Pill Problems: Some Patients May Not Need Anti-Anxiety Rx

Benzodiazepine use was high in older adults and increased with age, despite safety concerns

/ Author:  / Reviewed by: Joseph V. Madia, MD Beth Bolt, RPh

(RxWiki News) They relieve anxiety and help many patients sleep, but benzodiazepines might not be the best choice for many patients — especially over the long term. Still, many older patients were taking these medications. 

A new study found that, despite concerns about use in older patients, anti-anxiety benzodiazepines are used most often by people older than 65.

"Anxiety is perhaps one of the most common emotional states experienced by older adults. The reasons are many and include issues relating to stage of life, physical health problems, isolation and demoralization," said Psychiatrist Radha K. Kambhampati, MD, MPH, is medical director of senior behavioral health at Baylor Medical Center at Irving.

"Benzodiazepines are very effective in reducing anxiety, but their use is associated with several problems or side effects," said Dr. Kambhampati, who was not involved in this study. "The risk of falls, impaired concentration and memory issues are chief among them. Some benzodiazepines have long half lives (they stay in the system for extended periods of time) and can cause significant side effects."

All benzodiazepines can be habit forming, Dr. Kambhampati told dailyRx News. "Once addicted, it is not easy to come off of them. Stopping them abruptly can lead to withdrawal symptoms, including potential for seizures," he said.

"Use of these medicines should be limited to short periods. If one needs to use a medication to control anxiety for a longer period, there are better options. Many antidepressants are also very good at helping with anxiety and should be considered for long-term maintenance," he said.

The authors of this new study, which was led by Mark Olfson, MD, of the New York State Psychiatric Institute in New York City, said that more patient education and periodic assessments of whether benzodiazepines are still necessary could cut down use of these medications in older patients.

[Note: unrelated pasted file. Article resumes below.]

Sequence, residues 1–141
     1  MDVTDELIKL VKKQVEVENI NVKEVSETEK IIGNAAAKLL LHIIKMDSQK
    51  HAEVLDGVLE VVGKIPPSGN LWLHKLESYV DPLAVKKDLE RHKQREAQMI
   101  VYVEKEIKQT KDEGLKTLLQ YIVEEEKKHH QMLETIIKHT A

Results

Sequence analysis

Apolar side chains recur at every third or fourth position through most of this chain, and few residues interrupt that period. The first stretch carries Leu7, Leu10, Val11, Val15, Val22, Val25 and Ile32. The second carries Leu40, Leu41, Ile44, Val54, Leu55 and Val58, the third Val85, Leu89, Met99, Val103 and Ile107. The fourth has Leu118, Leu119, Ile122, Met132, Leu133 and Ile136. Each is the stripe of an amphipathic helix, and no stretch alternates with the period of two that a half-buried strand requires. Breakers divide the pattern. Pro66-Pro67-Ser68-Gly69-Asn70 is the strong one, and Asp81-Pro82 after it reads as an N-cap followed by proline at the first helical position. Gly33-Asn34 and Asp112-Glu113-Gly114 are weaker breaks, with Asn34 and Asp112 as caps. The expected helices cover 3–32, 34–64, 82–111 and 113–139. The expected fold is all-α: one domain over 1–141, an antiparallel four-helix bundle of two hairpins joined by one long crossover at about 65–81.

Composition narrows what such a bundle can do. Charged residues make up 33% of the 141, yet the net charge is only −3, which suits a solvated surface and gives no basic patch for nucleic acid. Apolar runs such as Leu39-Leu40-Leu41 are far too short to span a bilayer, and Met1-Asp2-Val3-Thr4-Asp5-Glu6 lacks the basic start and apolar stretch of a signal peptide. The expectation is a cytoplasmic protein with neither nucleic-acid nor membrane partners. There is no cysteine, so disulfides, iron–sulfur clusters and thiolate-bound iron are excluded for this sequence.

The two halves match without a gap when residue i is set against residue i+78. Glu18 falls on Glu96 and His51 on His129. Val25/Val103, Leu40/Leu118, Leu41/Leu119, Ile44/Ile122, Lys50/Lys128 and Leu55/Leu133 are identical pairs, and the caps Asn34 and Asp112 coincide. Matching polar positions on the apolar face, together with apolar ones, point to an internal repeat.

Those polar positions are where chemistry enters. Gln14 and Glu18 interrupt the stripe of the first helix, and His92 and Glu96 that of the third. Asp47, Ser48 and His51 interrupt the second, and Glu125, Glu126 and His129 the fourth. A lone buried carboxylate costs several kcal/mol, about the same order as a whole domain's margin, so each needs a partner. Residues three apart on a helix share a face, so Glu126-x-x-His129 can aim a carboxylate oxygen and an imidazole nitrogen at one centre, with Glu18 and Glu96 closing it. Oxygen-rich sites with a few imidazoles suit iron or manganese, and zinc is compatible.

Dr. Olfson and colleagues wanted to gain a better understanding of patterns of benzodiazepine use in the US. To do so, they looked at data from the 2008 LifeLink LRx Longitudinal Prescription database. This database included information from around 60 percent of retail pharmacies in the US.

Dr. Olfson and team identified adults who filled one or more benzodiazepine prescription during 2008 and separated them into age groups. This data was then combined with population data to provide benzodiazepine use estimates for the entire US.

Benzodiazepines are a type of medication often used to treat anxiety and sleep problems. Common benzodiazepines include alprazolam (brand name Xanax), clonazepam (Klonopin) and diazepam (Valium).

These researchers estimated that, overall, 5.2 percent of all adults in the US between the ages of 18 to 80 used benzodiazepines. As they looked at different age groups, the rate appeared to increase with age.

Among adults between the ages of 18 and 35, 2.6 percent used the medications. The same was true of 5.4 percent of adults between the ages of 36 and 50, 7.4 percent of adults between the ages of 51 and 64, and 8.7 percent of adults between the ages of 65 and 80.

Among benzodiazepine users, rates of long-term use (use for more than 120 days) also increased with age — from 14.7 percent of users between ages 18 and 35 up to 31.4 percent of users between ages 65 and 80.

In an editorial about this study, Nicholas Moore, MD, PhD, of the Université De Bordeaux in France, and colleagues suggested that benzodiazepines should be more strongly regulated.

"Benzodiazepines are drugs that should be used at most for a few days or weeks in selected patients, carefully monitored, and stopped as soon as possible ..." Dr. Moore and team wrote.

Patients should speak with their doctors before starting or stopping benzodiazepine use.

The study and editorial were published online Dec. 17 in JAMA Psychiatry.

A number of sources funded the study, such as the National Institutes of Health and the New York State Psychiatric Institute. The authors disclosed no conflicts of interest.


Review Date: 
December 16, 2014
Last Updated:
January 26, 2015